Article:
Higher numbers of RSV in the County this year than typical.
AROOSTOOK COUNTY, Maine (WAGM) - RSV has been making headlines as many children have been getting very sick with it, including here in the County. But young children aren’t the only ones contracting the illness this year.
Dr. Stephanie Gillis, the Director of Primary Care for Northern Maine Medical Center, says “RSV does seem to be affecting older adults and older children more than it has in the past. And typically it would be just an a common cold, and we would be more worried amongst our infants and young children who might have a higher risk or a harder time clearing the mucus secretions from RSV. We always have had more risk in any patients who have underlying heart or lung disease be that young children or older adults and those who are immunocompromised. But this year, as I had mentioned earlier, when we were speaking about some of the viruses, we’re seeing, we don’t have as much natural immunity. It’s something that we haven’t really seen as much RSV in the last couple of years because of Covid and you know, if that’s because of masking or if that’s because Covid has kind of crowded out some of these other viruses, it’s hard to know exactly why. But RSV is affecting adults more this year and older children more this year than it has in the past. And I think that really is just a lot to do with our natural immunity. And it’s something also this years RSV tends to be lasting a little bit longer than it has in the past. It usually would peak around day five or so in the last several years, and then recently seems to be lasting a little bit longer. And peaking, meaning the symptoms are at their worst, closer to seven or eight days for most patients who are getting sick and lasting a little bit longer.”
Kris Doody, the CEO of Cary Medical Center, says “If you look at some of the trends from the CDC, the numbers are up, which is probably why, as you mentioned Kelly, it seems like there’s a lot more talk about it, and it’s talk across the nation, not just in Maine. I mean, it’s everywhere. The other question that I was asked not that long ago is, historically folks considered RSV an illness of children and adults can get it too, as Dr. Gillis described. And I think that seems different for folks because it was always seen as a illness that children would get and, you know, recover and actually most of the time do very well. But yeah, there are pretty significant symptoms with some of these children and adults who end up being diagnosed with RSV.”
Dr. Gillis adds, “RSV, since this is a respiratory virus, one of the biggest things to watch for is your child struggling to breathe or having a hard time breathing or doing their normal activities? And are they coughing repeatedly if they’re, you know, running and doing mild exertion? Are they having a hard time catching their breath. Are they not able to eat without having to pause to take a moment to breathe? There’s some clinical signs we can watch for, but are they really using their muscles through their chest or their belly or flaring their nostrils when they’re breathing? If ever there’s a question, my biggest key I would say is call your provider. Or if you’re not certain and you think your child’s having a hard time breathing, get them seen. It’s better to err on the side of caution, you know, we’ve all mentioned we want to try to keep the ER visits to emergencies, but if you think that your child’s having a hard time breathing, getting them seen quickly is really important.”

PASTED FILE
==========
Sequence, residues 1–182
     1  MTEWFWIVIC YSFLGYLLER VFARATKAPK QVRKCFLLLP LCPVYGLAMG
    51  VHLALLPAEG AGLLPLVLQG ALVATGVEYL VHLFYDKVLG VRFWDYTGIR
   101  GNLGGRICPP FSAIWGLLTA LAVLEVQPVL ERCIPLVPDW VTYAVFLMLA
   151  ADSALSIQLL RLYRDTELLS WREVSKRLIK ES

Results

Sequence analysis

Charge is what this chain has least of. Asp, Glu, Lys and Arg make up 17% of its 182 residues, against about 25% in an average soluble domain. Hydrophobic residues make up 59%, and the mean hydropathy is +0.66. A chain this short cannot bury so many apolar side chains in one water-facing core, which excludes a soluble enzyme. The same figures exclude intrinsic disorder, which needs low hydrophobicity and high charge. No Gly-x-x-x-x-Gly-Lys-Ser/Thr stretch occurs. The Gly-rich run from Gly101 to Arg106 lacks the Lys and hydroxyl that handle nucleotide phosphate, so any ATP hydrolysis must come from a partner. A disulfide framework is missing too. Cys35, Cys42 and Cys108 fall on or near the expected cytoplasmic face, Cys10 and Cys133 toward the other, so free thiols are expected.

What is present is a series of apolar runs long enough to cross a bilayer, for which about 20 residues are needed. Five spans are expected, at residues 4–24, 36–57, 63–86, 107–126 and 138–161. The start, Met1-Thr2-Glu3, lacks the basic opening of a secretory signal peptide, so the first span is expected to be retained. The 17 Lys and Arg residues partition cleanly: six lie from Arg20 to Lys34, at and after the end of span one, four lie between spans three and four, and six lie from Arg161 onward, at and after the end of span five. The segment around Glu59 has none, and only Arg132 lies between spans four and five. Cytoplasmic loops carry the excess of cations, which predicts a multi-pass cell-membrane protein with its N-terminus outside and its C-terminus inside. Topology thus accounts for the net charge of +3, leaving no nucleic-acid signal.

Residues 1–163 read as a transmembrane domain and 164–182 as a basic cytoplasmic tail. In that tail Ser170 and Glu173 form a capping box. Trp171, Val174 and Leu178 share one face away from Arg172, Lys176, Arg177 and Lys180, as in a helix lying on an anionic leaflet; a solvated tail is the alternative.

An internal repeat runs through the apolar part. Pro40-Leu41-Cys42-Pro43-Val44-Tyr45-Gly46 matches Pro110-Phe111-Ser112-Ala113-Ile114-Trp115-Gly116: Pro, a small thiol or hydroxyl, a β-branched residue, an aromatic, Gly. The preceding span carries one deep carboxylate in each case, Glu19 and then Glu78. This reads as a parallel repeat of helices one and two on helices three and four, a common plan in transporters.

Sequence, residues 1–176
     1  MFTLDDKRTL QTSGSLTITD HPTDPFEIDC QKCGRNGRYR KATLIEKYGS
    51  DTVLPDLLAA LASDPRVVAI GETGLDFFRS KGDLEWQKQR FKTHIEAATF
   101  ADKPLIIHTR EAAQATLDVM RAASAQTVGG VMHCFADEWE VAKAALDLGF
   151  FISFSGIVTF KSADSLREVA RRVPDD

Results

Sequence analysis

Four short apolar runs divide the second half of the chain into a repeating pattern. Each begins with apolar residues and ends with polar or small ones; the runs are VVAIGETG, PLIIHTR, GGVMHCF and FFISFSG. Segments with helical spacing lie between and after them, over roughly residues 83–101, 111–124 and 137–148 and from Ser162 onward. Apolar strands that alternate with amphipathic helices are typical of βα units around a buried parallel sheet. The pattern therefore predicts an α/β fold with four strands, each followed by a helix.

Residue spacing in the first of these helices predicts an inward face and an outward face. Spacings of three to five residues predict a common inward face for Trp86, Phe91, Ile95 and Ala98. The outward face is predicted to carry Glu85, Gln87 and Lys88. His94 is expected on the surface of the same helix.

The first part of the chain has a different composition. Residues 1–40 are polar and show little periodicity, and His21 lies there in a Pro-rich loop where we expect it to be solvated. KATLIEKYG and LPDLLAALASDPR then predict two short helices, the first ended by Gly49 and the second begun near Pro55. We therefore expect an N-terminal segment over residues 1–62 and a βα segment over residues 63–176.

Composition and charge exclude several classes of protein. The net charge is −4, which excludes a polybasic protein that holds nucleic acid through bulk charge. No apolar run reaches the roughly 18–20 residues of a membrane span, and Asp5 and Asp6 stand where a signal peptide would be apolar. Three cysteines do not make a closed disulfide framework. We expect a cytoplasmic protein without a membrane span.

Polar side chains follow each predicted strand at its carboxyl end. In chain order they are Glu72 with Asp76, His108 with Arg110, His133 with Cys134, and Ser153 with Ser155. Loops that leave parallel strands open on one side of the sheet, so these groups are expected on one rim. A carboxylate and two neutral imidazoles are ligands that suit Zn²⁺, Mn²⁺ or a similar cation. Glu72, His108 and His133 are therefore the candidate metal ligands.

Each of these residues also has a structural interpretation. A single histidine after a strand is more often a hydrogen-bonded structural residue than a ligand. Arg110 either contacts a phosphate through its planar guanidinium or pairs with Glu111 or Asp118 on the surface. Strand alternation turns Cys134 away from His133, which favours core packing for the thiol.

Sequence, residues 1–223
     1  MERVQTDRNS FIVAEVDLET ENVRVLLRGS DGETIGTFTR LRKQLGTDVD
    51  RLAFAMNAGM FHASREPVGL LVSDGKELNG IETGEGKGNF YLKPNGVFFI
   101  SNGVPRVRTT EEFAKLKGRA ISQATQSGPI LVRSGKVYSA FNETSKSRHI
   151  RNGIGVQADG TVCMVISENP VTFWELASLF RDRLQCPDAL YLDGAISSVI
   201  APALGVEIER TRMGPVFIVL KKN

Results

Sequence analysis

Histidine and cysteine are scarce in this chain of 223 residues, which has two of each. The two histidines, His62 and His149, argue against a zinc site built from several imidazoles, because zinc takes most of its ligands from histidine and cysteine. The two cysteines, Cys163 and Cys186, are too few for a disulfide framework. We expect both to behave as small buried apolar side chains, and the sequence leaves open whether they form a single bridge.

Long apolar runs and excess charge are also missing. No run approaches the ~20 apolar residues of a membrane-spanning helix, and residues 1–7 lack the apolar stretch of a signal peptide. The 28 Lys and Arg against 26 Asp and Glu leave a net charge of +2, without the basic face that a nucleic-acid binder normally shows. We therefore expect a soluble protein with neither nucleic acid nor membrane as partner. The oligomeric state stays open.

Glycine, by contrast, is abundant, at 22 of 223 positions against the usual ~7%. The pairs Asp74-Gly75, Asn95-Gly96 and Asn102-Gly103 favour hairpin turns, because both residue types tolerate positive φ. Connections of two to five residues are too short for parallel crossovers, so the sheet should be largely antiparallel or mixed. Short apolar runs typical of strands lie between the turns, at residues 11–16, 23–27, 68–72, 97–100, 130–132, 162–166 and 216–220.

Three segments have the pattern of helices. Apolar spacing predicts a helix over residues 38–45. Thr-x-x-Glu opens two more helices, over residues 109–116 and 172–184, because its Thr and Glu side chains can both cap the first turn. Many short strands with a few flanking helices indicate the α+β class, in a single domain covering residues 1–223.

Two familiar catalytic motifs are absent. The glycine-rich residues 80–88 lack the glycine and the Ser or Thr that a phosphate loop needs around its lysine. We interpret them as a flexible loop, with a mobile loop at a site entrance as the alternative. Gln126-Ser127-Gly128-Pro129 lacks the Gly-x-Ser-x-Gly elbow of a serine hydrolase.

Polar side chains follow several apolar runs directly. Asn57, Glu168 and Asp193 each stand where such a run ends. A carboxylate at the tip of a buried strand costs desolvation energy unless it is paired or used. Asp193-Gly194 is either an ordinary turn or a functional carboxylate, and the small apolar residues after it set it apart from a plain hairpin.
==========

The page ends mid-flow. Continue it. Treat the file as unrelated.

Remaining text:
Doody says, “I agree with Dr. Gillis. It’s, you know, there are some telltale signs that, you know, we, in health care, notice especially with RSV, with these respiratory symptoms. But as a parent, if it just doesn’t feel right, if something just, you know, whether they’re quick, little shallow breath, they can’t take the deep breath like Dr. Gillis is describing. If something just does not seem right with this child, please notify your pediatrician. Because obviously we want to make sure we get that diagnosed and treat their symptoms. A young child, not being able to take a deep breath, could be pretty frightening. Not only for the child, but also for the parents.”
Dr. Brian Griffin, the Chief Medical Officer for Houlton Regional Hospital says, “Just based on some of the symptoms, it’s very hard to tell what they have. And in the long run, for most people it does not make a big difference. But for those in the high risk groups for complications which are elderly or people with chronic conditions, there are some treatment options for Covid and the flu that they may want to get help with. So in those certain individuals, it is worth a conversation with their provider to see if there’s something they should do.”
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